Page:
When the teachers of the year from across the country were asked in a Scholastic/Council of Great City Schools poll released recently what the biggest barriers are to their students’ academic success, it was no surprise that family stress and poverty topped the list. Students who experience physical or emotional abuse, caregiver substance abuse or mental illness, exposure to violence, or family economic hardship can suffer from “toxic stress,” which significantly limits the amount of learning possible in a classroom without adequate supports.
As an organization committed to transforming public education so it works for the most underserved students, we constantly ask ourselves: how do we know how well we are supporting our highest need students?
Common practice across the country is to use a student’s eligibility for the federal school Free and Reduced Priced Lunch program (FRL) as a measure of student poverty. Students can qualify with a family income that is less than 185% of the poverty line.
The graph below looks at academic achievement during school year 2013-2014 on Washington, DC’s standardized assessment—the DC Comprehensive Assessment System (DC-CAS)—relative to the percent of students who qualify for FRL. Here is what we and many others see in this picture (Graph 1):
- What’s exciting: The graph shows that there are schools with high numbers of low-income students that show very high achievement.
- What’s less exciting: The graph points out that schools with 100% FRL status students have widely different results for student achievement. Some schools with 100% FRL status students help their students achieve very high academic results, and others do not.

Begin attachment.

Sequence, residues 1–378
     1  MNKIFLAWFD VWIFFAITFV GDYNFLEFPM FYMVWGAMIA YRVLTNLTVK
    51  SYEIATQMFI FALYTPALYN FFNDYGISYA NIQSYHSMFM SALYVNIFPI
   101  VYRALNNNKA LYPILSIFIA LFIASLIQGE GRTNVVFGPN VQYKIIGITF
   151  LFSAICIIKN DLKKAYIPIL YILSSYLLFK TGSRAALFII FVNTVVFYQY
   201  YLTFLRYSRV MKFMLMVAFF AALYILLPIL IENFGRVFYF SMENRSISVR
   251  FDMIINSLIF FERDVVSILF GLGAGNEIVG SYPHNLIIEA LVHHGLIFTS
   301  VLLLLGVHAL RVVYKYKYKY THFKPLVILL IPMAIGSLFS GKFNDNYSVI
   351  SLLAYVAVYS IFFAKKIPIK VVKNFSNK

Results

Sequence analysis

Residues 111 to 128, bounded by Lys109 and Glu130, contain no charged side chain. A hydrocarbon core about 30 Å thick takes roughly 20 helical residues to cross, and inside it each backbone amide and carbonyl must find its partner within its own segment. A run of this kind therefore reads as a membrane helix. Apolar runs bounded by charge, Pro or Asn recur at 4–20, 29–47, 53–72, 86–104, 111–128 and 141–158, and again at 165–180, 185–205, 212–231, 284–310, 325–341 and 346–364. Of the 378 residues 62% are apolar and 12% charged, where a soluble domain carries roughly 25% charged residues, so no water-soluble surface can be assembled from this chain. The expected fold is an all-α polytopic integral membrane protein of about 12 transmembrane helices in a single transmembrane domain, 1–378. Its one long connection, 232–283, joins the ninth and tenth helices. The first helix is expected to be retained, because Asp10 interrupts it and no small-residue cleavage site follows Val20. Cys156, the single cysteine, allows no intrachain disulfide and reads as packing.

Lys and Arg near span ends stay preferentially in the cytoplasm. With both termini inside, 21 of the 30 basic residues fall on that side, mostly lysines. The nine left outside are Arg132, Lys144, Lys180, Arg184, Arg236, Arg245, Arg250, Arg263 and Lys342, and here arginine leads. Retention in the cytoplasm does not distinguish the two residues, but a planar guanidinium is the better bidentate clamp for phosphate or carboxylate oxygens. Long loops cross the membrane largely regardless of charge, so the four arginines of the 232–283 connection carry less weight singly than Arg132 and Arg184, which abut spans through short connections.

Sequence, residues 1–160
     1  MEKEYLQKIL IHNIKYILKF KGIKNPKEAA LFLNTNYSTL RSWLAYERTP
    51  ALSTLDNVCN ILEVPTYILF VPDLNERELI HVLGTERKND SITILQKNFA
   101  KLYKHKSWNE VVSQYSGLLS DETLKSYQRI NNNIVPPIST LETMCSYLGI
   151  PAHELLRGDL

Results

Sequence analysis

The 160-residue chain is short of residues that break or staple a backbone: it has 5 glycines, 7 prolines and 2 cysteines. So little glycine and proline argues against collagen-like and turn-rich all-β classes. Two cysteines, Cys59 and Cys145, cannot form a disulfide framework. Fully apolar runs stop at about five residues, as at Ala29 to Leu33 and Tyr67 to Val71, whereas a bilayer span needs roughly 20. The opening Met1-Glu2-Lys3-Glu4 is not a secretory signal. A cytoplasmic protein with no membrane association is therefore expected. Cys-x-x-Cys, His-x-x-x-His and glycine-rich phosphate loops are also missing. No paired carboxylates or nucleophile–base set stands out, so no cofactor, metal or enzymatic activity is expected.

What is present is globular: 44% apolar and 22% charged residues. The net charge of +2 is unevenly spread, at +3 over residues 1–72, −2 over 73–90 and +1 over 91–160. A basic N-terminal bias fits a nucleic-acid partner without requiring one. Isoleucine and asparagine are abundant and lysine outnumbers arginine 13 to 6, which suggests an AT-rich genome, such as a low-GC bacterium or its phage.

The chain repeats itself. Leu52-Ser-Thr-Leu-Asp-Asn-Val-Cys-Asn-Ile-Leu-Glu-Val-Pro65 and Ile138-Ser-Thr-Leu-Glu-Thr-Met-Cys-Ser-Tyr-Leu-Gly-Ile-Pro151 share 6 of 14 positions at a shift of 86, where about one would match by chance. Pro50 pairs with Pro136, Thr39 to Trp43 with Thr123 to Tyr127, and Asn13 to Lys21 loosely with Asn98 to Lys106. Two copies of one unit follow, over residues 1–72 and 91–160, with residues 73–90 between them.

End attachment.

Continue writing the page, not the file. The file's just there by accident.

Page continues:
Last year, DC began measuring student need by a new classification called “at-risk of academic failure.” This new classification started as a way to better allocate resources to the students most in need. To qualify as at-risk, a student’s family must receive Temporary Assistance for Needy Families, the Supplemental Nutritional Assistance Program, or be homeless, involved in the foster care system, or be a high school student who is over-age and under-credited. As a result, this classification gives us a more accurate picture of which students are facing acute challenges including hunger, homelessness, grief, violence, and other physical or emotional distress. Using this definition, we can get a better picture of what is going on behind the scenes for these students, and educators can support the specific needs of each student.
The second graph below (Graph 2) compares the percentage of at-risk students at a school with the overall level of student proficiency on DC-CAS. The picture changes to a tight correlation between acute student need and academic proficiency results – that is, the more at-risk students in a school, the lower the average student achievement. When we use this more precise measure, we can see that extreme poverty is very highly correlated with student achievement results.
This new way of measuring student need has sparked a lot of conversation in the DC education community. Are students better off in socioeconomically integrated schools? What’s happening in schools that are “beating the odds” with at-risk students? How do enrollment policies that vary between charter and district schools contribute to this picture?
We’ll keep sharing what we’re learning here, and we’d love to know what other cities learn as they seek more precise measures to understand student achievement for our most vulnerable students.